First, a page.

Christopher “Kit” Marlowe (February 1564-30 May 1593) was a contemporary of Shakespeare’s, and considered the most popular and talented tragedian of his time. Were it not for his murder at the age of 29, cutting him off at the height of his success, it is highly probable it would be Marlowe’s name which became the bane of schoolchildren the world over, not Shakespeare’s.
Unlike Shakespeare, Marlowe wasn’t a man known to mince his words. “All that love not tobacco and boys are fools,” is a quote attributed to him. Perhaps even more daringly, Marlowe swore “the first beginning of Religion was only to keep men in awe,” and “Christ was a bastard and his mother dishonest.” He firmly believed St. John the Baptist and Christ were lovers, and the warrant for his arrest on charges of blasphemy would have surprised precisely nobody when it was issued less than two weeks before his death. He’d only got away with as much as he had prior to that because he was a firm favourite of Queen Elizabeth I’s, and had long been rumoured to have been a government spy.
A highly-educated Cambridge scholar, Marlowe certainly had better qualifications than Shakespeare, and his plays show a strong classical influence. From the outset, Marlowe placed queer characters on the Elizabethan stage, such as Jupiter and Ganymede in his first play, Dido, Queen of Carthage:
JUPITER: Hold here, my little love, these linked gems, [give jewels]
My Juno ware upon her marriage-day,
Put thou about thy neck, my own sweet-heart,
And trick thy arms and shoulders with my theft.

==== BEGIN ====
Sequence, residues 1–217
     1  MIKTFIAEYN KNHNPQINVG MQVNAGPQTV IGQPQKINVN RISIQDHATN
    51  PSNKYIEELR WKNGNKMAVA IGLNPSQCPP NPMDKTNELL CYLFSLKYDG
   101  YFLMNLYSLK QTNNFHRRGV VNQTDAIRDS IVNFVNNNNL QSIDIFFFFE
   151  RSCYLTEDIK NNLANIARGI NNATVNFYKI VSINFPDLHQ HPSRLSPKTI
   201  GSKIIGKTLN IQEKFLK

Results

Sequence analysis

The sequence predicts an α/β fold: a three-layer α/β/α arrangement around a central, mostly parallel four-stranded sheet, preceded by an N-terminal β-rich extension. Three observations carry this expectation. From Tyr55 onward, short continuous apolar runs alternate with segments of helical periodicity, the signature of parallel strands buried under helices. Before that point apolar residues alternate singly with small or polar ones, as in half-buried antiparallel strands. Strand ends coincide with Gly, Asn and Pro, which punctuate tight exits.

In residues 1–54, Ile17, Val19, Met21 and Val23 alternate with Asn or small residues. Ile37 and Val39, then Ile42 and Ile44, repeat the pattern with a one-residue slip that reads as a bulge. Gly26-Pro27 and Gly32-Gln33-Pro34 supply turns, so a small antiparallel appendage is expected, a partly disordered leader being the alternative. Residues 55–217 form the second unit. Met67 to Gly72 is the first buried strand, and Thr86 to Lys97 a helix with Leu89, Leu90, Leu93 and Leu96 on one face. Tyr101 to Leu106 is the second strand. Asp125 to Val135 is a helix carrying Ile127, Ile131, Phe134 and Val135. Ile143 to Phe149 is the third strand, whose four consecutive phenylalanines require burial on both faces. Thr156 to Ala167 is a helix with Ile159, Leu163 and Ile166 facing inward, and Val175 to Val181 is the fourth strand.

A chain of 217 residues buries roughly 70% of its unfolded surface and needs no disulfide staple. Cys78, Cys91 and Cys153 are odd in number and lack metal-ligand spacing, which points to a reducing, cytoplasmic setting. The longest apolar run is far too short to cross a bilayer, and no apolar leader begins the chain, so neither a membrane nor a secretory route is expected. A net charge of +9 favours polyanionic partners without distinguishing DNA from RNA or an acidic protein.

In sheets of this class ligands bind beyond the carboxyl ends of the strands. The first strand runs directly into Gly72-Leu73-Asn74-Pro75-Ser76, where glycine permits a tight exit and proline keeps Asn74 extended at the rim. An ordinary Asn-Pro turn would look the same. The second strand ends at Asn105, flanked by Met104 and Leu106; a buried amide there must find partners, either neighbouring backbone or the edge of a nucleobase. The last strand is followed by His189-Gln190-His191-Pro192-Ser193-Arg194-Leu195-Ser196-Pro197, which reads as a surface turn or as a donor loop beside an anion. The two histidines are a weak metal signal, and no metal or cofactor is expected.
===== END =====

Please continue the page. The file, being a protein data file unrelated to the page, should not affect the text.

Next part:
GANYMEDE: I would have a jewel for mine ear,
And a fine brooch to put in my hat,
And then I’ll hug with you an hundred times.
JUPITER: And shalt have, Ganymede, if thou wilt be my love.
VENUS: Ay, this is it: you can sit toying there
And playing with that female wanton boy,
While my Aeneas wanders on the seas…
— Act I, Scene i
Rather a startling way to open a play in the 1590s, one would have thought, with the king of the gods fondling his boy-lover and giving him his wife’s jewellery in exchange for sexual favours, but Elizabethan audiences lapped it up. Although Ganymede wasn’t a major character in Dido, the gods’ in-fighting was shown to be at the core of the troubles for the earthly characters, with Ganymede being the symbol of Jupiter’s estrangement from Juno.
After Dido, Marlowe wrote Tamburlaine the Great, the play which cemented his position and popularity among his contemporaries. It was such a success he wrote a sequel, which was to be the last play of his published in his lifetime. His other works: The Jew of Malta, Edward II, The Massacre at Paris, and Doctor Faustus, were all published and performed posthumously to great success, despite dealing with themes far darker and more controversial than Dido or Tamburlaine.
Although it’s Faustus which is better remembered today, Edward II is the most interesting from a queer perspective. It’s one of the earliest English historical plays, although Shakespeare added considerably to the canon, writing eleven English histories and three Roman.
Reinterpreting history or known stories for the theatre was a common trick at a time when playwrights were expected to produce something new to entertain the masses with astonishing rapidity, but a play based on the same-sex affections of a King of England raises eyebrows even today.